Its no fun when you get caught in fog.

Avoid restricted-visibility situations altogether when possible. Monitor the weather and adjust your departure plans accordingly. If the forecast calls for a brief period of morning fog, enjoy that second cup of coffee and allow it to burn off before getting underway.

If you do get caught up in fog, here are some tips.

Tips For Reduced-Visibility Situations

  1. Ensure all navigation lights are on and working properly.
  2. Use the appropriate sound signals.
  3. Reduce speed as required based on conditions. Your speed should be slow enough to allow you to react accordingly, yet sufficient to maintaining steerage. Learn the characteristics of your boat beforehand. How does it operate at slower speeds? How far does it take to come to a full stop at various speeds?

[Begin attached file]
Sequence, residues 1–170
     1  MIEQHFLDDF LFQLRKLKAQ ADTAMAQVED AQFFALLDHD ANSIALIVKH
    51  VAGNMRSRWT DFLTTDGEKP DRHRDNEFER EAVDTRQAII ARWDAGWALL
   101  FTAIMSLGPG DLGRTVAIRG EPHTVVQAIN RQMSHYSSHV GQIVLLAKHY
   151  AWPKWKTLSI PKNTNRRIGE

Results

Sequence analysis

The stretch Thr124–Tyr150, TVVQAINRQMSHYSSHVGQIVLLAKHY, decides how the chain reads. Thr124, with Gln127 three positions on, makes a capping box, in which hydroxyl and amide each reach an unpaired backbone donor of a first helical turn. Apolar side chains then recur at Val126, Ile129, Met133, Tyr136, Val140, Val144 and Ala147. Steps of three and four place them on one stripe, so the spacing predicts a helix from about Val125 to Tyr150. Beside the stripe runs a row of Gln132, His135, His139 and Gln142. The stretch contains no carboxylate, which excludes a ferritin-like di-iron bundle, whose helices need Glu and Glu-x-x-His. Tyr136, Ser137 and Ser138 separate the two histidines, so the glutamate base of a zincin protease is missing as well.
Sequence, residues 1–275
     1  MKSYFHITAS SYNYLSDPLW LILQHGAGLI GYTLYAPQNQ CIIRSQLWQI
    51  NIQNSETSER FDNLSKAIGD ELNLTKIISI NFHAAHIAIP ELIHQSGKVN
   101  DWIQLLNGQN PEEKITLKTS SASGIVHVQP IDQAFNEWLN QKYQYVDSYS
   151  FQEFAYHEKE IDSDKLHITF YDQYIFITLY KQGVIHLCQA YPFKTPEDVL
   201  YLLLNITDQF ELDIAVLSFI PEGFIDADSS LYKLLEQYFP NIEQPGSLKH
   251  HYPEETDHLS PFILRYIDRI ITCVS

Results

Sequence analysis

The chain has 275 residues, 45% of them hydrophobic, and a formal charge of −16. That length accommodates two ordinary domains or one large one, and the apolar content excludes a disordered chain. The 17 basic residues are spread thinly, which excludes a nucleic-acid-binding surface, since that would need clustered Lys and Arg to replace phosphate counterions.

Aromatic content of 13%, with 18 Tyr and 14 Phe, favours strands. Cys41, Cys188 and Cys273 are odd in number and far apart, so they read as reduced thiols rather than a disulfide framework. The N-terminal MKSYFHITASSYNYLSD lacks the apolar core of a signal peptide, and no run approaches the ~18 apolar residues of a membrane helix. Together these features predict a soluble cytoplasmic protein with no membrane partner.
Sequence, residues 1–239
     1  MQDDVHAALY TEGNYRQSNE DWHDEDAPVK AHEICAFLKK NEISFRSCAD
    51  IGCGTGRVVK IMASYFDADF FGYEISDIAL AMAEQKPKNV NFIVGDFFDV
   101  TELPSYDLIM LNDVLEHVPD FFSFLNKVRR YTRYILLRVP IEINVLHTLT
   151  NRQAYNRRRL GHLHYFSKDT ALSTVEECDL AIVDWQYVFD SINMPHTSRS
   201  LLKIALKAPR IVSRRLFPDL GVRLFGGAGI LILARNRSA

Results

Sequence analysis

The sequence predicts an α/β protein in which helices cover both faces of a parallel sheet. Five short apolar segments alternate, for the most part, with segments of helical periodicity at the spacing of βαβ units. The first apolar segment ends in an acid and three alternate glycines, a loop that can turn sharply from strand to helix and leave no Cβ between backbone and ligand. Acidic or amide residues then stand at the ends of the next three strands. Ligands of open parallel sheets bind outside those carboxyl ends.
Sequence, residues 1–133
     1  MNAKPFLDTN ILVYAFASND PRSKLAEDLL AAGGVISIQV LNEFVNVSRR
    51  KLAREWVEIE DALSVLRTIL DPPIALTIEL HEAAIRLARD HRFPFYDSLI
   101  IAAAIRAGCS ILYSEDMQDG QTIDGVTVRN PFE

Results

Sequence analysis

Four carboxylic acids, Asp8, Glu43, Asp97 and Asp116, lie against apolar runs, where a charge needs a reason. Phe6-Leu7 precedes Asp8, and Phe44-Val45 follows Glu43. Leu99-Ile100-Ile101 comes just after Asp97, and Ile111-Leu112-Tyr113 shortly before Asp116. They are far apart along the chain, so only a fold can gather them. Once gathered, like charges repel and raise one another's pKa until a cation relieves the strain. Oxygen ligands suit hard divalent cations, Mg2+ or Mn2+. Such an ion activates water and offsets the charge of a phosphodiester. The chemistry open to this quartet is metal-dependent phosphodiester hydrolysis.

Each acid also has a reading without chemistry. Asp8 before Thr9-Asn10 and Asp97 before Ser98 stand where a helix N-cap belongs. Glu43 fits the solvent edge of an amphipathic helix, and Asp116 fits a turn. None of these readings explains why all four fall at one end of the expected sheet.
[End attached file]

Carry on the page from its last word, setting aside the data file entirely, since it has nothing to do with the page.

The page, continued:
4. Know where you are. Keep track of your position using GPS, charts, radar — everything at your disposal.
  5. Keep your VHF radio on and monitor Channel 16.
  6. Stop all secondary activities (such as skiing or fishing) and focus solely on safe operation of your vessel.
  7. Keep a good lookout. Position crew-members and passengers (all should be wearing flotation devices) forward and aft to assist when possible.
  8. Be prepared. Have all required equipment for your vessel on board (horns, bells, whistles) and ready for instant use.

Fog and Your Senses

Fog closes your view and muffles sound whether on land or at sea. Especially at sea. What sound you might hear seems omni-directional — it comes from all points at the same time. Without clear sight lines and directional sound, your senses become confused.